According to a study, now one can detect heart attack at early stages only with a few drops of saliva dabbed on to a nano-bio-chip. The nano-bio-chip could be useful for emergency reasons in the ambulance, the doctor’s dispensary or even the local chemist.
At the size of a credit card, the nano-bio-chip was tested by boffins from the University Of Kentucky College Of Dentistry where tests were conducted on 56 people who had a heart attack and 59 healthy subjects.
“Many heart attack victims, especially women, experience non specific symptoms and secure medical help too late after permanent damage to the cardiac tissue has occurred,” said John T. McDevitt, designer of the bio-chip. “Our tests promise to dramatically improve the accuracy and speed of cardiac diagnosis.”
The chip provides information on current risk of the patient having a heart attack and will even predict the risk of heart attack in the future. McDevitt and his colleagues at the University of Kentucky, University of Louisville, and The University of Texas Health Science Center at San Antonio had identified that a number of blood serum proteins that are significant contributors to, and indicate about cardiac disease. Leveraging microelectronics components and micro-fabrication which was developed initially for the electronic industry, but they developed a series of compact nano-bio-chip sensor devices that are biochemically-programmed to detect sets of these proteins in the saliva.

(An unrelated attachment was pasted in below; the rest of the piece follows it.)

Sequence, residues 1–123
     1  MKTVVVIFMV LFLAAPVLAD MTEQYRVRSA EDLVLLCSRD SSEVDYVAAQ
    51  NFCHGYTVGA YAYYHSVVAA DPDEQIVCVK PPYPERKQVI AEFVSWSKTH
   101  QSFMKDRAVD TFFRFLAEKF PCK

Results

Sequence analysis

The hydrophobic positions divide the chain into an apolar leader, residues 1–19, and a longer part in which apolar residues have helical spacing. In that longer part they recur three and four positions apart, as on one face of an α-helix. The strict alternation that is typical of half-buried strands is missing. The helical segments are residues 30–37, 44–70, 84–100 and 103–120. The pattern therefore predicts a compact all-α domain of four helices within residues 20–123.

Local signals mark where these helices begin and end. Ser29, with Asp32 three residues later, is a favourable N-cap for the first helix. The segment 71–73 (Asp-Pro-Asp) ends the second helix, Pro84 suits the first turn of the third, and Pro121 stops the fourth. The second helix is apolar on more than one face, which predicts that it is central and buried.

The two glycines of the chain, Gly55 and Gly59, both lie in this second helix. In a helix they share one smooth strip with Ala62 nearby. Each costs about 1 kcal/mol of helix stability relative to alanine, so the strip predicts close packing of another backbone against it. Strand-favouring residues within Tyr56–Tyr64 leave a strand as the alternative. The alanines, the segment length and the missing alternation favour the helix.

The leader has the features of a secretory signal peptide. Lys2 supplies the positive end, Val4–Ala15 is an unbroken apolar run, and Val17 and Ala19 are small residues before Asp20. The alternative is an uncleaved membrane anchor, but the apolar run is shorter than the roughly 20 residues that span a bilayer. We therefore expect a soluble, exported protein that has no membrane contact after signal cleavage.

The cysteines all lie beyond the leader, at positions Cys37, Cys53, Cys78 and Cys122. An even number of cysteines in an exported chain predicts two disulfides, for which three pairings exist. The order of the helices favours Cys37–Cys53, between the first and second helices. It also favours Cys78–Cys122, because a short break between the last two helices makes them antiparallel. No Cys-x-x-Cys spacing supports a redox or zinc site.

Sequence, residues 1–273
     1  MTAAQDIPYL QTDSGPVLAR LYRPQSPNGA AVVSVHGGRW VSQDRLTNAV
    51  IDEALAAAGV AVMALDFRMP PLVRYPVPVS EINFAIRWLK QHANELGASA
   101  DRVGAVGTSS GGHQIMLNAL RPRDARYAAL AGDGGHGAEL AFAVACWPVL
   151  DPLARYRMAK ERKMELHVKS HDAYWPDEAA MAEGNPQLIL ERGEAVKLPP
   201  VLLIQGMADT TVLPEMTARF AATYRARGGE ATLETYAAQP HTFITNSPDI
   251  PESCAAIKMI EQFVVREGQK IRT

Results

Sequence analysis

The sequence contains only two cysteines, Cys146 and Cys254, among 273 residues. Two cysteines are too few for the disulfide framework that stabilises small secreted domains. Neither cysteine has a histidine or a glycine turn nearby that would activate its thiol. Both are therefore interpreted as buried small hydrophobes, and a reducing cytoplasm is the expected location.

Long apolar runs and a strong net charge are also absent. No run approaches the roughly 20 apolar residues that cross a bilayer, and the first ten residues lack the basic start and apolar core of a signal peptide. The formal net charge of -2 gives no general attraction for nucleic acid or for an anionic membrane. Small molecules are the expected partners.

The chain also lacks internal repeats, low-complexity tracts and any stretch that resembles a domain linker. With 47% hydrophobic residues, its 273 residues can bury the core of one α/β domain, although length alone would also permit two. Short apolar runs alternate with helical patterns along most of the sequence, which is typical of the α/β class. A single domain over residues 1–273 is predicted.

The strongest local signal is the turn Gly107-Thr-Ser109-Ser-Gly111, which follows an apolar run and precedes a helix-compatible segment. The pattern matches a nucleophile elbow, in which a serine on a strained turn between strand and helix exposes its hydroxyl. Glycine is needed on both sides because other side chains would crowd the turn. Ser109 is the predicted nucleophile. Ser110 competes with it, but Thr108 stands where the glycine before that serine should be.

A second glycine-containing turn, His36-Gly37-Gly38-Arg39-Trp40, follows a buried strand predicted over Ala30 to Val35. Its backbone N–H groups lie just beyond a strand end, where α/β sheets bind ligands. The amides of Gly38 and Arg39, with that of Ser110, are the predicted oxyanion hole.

“These are truly exciting findings, since use of these tests could lead to more rapid diagnosis and faster entry of patients into treatment scenarios that can save lives,” said Dr. Craig S. Miller, of the Kentucky team.
The development of the test was reported at a recent meeting of the American Association for Dental Research. The nano-bio-chip could be of great help in treating and managing the heart attack at early stages and if it is detected in early stages, it will provide the patient a chance to improve on his health with proper diet and exercise which can be done after consulting a general physician.